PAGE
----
“I think that we have taken some comfort in neglecting heroin users and thinking that this is a long-standing problem in the District of Columbia and because things are different here that somehow this didn’t need any additional attention,” said Mark LeVota, executive director of the D.C. Behavioral Health Association. That complacency, LeVota said, left city officials ill prepared for the devastation caused by fentanyl.

Unlike many rural parts of the United States, the District no longer suffers from a shortage of medical providers trained in prescribing medications that diminish the cravings of those addicted to opioids. The use of such medications — which include buprenorphine, methadone and naltrexone — is considered the most effective way to treat opioid addiction, in contrast to traditional programs that emphasize abstinence.

The expansion of buprenorphine providers has been driven in part by $1.7 million that the D.C. Department of Health has distributed to clinics to fund treatment programs — a rare bright spot in the city’s response to the opioid crisis over the past several years.

But Richard S. Schottenfeld, chairman of the department of psychiatry and behavioral sciences at Howard University College of Medicine, said the city still has a long way to go in connecting opioid-addicted users with treatment.

“We’ve increased capacity in the District to provide effective opioid-use disorder treatment with medications. That’s an accomplishment we should take seriously. But we know that even as we’ve increased capacity, we know that we’re underutilized,” Schottenfeld said. “Many — probably most — people who need treatment aren’t getting it.”

Over the past month, Bowser has announced initiatives to reduce fatal overdoses. In late December, she released a 22-page anti-opioid strategy, and about two weeks ago, she announced a dramatic expansion in the city’s efforts to distribute naloxone. She has pledged to cut opioid deaths in half by 2020.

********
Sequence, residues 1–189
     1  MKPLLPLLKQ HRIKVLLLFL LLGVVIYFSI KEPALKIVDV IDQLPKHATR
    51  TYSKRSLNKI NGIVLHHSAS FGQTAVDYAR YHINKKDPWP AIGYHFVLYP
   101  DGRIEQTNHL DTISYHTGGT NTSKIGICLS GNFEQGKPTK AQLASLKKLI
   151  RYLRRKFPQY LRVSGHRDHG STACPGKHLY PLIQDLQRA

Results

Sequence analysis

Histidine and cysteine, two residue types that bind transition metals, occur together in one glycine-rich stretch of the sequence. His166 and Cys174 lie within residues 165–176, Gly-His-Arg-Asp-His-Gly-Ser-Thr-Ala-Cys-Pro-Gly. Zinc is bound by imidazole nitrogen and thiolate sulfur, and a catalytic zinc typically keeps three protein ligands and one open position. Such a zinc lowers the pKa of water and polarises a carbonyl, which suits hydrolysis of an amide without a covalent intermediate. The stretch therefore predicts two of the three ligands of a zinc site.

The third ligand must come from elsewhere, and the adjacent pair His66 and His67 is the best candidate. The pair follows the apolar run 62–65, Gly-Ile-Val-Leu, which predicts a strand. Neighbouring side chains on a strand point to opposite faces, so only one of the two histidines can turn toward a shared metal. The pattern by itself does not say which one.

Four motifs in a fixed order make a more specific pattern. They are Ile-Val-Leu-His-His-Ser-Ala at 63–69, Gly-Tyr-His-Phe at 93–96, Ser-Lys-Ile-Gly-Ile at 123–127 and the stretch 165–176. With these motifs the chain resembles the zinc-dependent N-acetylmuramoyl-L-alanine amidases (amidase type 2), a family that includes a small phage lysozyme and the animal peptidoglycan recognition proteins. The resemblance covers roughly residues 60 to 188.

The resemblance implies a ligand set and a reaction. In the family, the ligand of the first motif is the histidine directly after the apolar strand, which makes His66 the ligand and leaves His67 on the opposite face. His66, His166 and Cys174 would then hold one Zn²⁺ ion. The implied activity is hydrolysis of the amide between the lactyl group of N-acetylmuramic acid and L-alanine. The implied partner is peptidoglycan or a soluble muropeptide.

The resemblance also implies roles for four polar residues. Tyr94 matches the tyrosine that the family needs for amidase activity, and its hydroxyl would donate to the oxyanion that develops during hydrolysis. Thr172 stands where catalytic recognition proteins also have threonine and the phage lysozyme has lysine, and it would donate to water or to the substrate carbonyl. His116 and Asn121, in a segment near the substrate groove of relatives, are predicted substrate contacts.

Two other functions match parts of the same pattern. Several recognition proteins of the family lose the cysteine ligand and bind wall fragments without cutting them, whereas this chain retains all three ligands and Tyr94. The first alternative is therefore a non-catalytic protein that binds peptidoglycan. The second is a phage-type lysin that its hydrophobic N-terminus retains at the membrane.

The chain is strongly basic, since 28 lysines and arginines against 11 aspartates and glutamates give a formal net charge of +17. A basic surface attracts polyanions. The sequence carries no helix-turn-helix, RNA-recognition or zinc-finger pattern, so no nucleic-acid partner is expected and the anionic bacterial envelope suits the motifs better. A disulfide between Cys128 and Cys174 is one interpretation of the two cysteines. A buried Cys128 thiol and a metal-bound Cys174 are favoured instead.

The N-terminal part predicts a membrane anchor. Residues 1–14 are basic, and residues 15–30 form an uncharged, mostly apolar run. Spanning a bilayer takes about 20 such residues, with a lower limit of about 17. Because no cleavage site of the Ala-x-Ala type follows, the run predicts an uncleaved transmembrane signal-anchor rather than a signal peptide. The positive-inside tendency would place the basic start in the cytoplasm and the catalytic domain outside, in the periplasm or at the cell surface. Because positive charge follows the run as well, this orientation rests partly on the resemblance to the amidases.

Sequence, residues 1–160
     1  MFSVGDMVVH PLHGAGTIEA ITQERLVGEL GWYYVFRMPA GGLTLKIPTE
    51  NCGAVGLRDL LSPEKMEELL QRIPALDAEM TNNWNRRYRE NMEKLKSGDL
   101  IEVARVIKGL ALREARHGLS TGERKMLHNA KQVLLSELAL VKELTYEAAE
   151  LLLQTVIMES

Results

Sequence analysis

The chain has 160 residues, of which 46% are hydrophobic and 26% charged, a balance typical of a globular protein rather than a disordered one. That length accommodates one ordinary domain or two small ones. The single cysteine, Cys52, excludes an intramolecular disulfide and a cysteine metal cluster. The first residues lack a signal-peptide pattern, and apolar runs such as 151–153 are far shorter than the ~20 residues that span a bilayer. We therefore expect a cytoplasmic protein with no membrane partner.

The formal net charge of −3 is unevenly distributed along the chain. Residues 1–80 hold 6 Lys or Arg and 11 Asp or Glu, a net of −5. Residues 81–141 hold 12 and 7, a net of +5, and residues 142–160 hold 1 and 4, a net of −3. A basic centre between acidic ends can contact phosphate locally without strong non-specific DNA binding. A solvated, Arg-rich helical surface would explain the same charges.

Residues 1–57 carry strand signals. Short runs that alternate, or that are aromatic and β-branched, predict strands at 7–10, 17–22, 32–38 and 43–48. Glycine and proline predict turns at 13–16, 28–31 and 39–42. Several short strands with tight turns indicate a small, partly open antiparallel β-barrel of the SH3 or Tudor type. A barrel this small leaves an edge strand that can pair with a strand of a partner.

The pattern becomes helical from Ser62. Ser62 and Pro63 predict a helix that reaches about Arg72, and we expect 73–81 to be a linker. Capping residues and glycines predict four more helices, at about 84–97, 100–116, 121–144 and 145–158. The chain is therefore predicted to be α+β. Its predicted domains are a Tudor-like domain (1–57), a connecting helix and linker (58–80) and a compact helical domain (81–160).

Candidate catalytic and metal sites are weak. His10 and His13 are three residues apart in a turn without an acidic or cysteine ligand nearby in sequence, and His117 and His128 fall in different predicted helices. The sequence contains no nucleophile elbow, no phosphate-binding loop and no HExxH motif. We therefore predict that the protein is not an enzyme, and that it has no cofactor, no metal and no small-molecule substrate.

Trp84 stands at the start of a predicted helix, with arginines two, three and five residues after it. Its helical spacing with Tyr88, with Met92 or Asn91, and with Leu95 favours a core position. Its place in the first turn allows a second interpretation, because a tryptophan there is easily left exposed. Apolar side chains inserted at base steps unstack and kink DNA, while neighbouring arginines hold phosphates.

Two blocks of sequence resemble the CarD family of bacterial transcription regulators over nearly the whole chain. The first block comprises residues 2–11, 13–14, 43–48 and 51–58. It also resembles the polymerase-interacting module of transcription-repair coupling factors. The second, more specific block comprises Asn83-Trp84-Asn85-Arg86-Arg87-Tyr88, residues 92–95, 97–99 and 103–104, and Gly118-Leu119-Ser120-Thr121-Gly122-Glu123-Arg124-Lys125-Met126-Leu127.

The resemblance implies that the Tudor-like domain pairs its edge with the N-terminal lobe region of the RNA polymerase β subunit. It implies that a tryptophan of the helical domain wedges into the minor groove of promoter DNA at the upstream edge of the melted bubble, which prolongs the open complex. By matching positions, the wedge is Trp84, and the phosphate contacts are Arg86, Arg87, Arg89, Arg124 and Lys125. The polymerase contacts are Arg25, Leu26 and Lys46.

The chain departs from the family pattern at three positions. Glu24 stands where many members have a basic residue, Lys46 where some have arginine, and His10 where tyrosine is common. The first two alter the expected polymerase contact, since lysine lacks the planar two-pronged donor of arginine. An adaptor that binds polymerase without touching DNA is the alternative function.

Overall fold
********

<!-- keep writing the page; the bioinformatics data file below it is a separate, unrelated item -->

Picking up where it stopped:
In an introductory letter, Bowser said the plan was a “blueprint for how best to continue moving forward with urgency and thoughtfulness as we work towards reversing fatal opioid overdoses.” However, some speakers at Tuesday’s hearing complained that they were not consulted as the plan was prepared, and they described it as too thin. Many initiatives described in the document echo programs previously planned by city officials, including some the District is already doing or has promised but failed to implement.

Gray said the plan was “really an outline” that needs to be fleshed out. He said he would be asking the Bowser administration to provide a timeline for achieving each of the dozens of strategies laid out in the plan and to identify the staff responsible for them.

Nesbitt, in her testimony Monday, announced three hospitals where new efforts to prescribe buprenorphine and perform outreach to overdose patients would be established in the coming months: MedStar Washington Hospital Center, Howard University Hospital and United Medical Center.